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The implied warranty of habitability has been called the “most prominent result” of the revolution in tenant rights that arose in the 1960s and 1970s. How has the revolution fared after forty-plus years? How have courts responded to the shift from examining the landlord-tenant relationship under the doctrines of contract in the place of property law? This article examines some of the issues that courts are addressing today with regard to the implied warranty of habitability. The article will begin with a historical discussion of the warranty’s rise to provide context for how truly revolutionary its adoption was. Then, jumping forward, cases addressing the implied warranty over the last twelve years will be examined to provide context to discuss unresolved questions that remain. The purpose of this article is to provide a snapshot of the state of the implied warranty today, so that when soldiers fighting in the landlord-tenant revolution forty years from now look back, they have some understanding of how the battle lines of this generation were drawn.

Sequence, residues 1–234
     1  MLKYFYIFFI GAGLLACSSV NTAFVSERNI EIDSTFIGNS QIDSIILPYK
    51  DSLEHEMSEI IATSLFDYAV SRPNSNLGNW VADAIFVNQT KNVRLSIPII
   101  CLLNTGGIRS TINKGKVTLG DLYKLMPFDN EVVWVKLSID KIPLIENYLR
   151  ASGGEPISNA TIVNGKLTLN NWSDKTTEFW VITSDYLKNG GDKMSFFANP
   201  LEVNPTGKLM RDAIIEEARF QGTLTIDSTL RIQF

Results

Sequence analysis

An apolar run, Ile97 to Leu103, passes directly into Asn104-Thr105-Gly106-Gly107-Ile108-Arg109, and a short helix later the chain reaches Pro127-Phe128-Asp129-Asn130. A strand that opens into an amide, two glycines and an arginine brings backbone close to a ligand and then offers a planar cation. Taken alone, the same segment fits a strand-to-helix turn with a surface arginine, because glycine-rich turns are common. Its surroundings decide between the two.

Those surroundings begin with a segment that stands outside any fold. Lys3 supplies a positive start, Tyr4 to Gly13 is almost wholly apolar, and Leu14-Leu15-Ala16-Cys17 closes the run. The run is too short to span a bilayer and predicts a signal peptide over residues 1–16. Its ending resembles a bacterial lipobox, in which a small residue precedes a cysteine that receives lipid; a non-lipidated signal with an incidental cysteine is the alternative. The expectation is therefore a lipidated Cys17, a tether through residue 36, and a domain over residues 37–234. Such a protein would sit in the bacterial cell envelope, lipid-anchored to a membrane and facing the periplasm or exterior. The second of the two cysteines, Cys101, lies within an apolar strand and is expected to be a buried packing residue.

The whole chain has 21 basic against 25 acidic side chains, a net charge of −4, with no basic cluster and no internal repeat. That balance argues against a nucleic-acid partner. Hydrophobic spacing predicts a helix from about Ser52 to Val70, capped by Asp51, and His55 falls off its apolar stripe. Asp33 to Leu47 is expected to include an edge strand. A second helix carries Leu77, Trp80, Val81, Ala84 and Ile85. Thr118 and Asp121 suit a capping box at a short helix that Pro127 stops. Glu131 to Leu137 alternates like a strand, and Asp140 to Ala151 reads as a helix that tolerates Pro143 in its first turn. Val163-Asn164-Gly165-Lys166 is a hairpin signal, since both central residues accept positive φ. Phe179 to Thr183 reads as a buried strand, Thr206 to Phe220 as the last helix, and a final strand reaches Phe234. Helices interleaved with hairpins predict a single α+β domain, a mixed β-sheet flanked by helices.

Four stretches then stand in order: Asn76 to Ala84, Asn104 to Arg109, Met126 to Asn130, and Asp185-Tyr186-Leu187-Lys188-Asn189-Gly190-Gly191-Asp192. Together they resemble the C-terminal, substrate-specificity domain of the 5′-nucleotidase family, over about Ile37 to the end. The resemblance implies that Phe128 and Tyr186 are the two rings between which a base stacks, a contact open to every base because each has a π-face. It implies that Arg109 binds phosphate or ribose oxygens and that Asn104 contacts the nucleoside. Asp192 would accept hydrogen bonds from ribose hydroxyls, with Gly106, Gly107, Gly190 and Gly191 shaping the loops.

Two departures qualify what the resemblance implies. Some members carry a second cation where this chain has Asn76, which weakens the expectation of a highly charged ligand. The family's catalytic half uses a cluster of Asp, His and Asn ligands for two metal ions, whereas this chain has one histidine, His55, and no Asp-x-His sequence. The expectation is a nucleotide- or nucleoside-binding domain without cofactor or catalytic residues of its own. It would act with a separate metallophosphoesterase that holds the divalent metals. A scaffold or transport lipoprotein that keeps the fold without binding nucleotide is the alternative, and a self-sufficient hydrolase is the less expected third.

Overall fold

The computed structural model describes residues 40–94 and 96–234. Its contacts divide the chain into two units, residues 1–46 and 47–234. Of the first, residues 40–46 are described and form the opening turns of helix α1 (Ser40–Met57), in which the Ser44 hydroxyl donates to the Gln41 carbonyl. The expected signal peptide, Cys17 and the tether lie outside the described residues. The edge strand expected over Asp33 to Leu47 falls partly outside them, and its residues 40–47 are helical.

2013 Ben J. Altheimer Symposium